There is no science to how the ADA Fellows across the many cultural organisations will approach their experiments when applied to the focussed group of people that they want to reach. Rhea Mehmet shares with us how she wants to make both internal and external in-roads.
It’s been a funny old road so far on the Audience Diversity Academy.
It became quite clear early in the process that the way other smaller theatres and cultural institutions go about making change was not quite going to work for me.
I work at the Science Museum, which is not only a national museum but part of a group of national museums. For those of you who don’t know, the Science Museum Group includes the Science and Industry Museum in Manchester, the National Science and Media Museum in Bradford, Locomotion in Shildon, county Durham and the National Railway Museum in York. Safe to say, this giant organisation works a little differently to smaller theatres or cultural venues. There are many more teams, heads of departments and people in general to communicate with and get on board with any new idea or practice.
Whilst change here feels like it can be slow at times, it is happening. We are currently in the process of overhauling our Audience Development Plan (now called the Visitor Plan). I am working to place emphasis on ensuring that diversity is at the heart of this. It will supply us with a framework which we can refer back to, should we ever struggle or come up against any resistance in regard to ensuring that we are speaking to and representing our diverse audiences.
Alongside this, I am also trying to standardise relaxed views of exhibitions as part of our marketing campaigns; and strengthen relationships with our learning team. In the past I worked at Battersea Arts Centre, who for me are front runners in access and community work. Watching them become a relaxed venue for people who might find it hard to follow the perceived conventions of theatre etiquette was an important step in the cultural world. It made me think about whether some people might feel uncomfortable in museums – and if so whether there was anything we might do to combat that.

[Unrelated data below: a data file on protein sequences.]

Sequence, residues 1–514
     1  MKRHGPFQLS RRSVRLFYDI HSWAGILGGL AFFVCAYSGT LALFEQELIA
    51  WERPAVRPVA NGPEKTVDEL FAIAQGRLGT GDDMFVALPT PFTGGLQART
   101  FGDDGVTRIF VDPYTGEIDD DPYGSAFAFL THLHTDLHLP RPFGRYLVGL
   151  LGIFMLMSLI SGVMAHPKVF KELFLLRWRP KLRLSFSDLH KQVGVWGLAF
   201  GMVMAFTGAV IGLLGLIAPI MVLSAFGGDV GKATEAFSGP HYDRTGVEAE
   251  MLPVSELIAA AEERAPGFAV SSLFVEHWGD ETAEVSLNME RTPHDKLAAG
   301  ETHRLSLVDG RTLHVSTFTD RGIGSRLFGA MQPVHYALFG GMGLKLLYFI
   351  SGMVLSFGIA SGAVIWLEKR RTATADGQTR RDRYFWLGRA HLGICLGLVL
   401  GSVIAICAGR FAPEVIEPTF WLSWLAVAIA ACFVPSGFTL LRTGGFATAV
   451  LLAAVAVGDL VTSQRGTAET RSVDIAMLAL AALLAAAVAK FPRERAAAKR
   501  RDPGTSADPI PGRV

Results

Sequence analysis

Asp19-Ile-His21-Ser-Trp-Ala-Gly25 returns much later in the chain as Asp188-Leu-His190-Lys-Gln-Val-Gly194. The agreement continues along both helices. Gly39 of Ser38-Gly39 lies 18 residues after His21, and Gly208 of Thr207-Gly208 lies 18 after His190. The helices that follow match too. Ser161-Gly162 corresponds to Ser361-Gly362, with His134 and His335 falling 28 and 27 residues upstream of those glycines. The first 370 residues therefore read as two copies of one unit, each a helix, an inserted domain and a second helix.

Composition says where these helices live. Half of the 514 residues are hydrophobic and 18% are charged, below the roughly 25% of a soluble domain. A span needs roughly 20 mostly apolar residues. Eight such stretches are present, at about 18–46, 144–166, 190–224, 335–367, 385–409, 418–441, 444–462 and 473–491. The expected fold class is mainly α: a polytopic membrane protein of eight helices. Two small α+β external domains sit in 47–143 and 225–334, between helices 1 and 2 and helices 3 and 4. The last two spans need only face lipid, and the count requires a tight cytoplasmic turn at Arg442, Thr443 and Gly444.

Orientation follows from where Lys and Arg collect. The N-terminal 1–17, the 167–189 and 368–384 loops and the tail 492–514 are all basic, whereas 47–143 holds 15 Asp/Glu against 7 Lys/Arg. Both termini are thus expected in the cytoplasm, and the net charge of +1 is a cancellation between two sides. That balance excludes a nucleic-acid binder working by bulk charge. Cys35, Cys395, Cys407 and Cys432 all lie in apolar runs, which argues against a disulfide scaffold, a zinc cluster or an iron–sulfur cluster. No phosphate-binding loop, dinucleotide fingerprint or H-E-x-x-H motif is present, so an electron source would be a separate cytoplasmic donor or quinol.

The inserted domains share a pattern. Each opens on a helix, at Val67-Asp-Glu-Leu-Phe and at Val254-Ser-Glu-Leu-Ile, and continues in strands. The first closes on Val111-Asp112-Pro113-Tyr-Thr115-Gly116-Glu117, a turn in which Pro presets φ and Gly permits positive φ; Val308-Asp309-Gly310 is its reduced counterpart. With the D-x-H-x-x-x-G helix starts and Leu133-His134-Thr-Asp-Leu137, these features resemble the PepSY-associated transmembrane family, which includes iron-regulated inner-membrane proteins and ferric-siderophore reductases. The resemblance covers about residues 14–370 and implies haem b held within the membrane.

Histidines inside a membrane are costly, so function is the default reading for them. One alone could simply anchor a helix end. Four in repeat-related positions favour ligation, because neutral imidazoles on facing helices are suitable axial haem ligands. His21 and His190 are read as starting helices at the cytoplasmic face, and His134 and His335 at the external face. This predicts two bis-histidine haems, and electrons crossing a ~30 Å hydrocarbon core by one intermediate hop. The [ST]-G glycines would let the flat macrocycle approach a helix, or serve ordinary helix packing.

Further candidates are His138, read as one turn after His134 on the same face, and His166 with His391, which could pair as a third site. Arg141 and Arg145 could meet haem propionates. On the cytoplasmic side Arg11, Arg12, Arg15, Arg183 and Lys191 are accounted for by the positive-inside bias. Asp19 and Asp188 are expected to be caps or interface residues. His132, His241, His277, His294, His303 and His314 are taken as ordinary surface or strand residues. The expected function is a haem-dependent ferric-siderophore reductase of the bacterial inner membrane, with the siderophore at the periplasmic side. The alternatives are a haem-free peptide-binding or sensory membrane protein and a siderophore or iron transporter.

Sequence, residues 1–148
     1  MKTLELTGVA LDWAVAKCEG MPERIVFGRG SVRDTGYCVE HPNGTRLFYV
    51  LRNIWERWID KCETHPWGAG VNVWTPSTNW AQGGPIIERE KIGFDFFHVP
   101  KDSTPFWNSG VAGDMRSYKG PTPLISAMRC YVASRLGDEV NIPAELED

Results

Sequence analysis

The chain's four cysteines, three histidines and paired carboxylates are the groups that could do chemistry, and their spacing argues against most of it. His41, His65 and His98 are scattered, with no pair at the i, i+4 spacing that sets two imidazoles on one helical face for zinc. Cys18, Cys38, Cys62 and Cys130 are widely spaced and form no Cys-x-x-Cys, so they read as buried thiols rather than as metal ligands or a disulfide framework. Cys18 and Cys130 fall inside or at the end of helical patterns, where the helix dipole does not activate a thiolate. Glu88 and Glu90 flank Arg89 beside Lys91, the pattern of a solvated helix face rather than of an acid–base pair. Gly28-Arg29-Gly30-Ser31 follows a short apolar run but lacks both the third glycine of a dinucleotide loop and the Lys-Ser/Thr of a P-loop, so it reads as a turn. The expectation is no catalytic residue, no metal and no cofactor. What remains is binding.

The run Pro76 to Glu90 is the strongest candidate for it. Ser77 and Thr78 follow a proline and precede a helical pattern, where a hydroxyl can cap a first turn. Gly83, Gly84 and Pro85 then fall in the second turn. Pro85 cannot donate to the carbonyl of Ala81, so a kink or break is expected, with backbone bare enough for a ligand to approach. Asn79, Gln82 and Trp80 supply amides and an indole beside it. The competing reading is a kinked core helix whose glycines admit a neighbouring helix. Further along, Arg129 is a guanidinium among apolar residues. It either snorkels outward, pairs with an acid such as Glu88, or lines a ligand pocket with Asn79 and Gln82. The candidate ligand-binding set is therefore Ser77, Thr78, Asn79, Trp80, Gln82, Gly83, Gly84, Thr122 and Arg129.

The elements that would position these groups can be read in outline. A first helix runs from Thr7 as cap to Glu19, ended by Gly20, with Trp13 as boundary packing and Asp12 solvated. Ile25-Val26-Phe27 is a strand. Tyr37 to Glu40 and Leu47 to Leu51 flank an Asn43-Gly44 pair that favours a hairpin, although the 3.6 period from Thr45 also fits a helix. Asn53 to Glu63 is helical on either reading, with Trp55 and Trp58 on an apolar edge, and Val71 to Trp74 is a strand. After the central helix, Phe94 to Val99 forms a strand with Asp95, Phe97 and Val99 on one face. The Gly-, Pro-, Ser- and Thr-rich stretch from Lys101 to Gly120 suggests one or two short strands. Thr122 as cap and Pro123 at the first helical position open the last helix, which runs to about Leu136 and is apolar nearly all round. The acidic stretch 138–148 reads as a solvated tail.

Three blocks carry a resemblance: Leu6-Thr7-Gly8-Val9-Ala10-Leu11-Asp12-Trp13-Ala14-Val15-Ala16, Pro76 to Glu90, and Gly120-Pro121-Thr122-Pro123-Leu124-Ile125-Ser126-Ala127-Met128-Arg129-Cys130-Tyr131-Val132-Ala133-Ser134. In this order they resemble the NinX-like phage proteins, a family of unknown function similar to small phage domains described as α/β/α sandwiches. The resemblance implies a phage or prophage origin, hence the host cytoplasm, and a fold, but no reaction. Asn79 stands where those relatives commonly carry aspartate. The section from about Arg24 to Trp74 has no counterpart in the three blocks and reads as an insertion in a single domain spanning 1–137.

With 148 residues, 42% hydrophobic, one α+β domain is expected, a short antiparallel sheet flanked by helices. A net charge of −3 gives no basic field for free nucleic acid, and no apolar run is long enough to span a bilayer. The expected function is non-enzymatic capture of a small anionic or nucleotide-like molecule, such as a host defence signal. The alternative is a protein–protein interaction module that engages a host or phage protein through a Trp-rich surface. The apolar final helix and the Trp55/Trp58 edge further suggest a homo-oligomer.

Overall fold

I have since reached out to Tourette’s Action to partner with them on offering a relaxed private view of The Sun: Living With Our Star. For those who live with motor and vocal tics, setting foot inside an cultural space filled to the brim with visitors, can be an intimidating experience. Opening the museum up outside of opening hours allows them access to somewhere they may not usually feel comfortable going. Whilst we are still in the early stages of putting this event together, it is something I really hope we will be able to work with Tourette’s Action on as part of future marketing campaigns.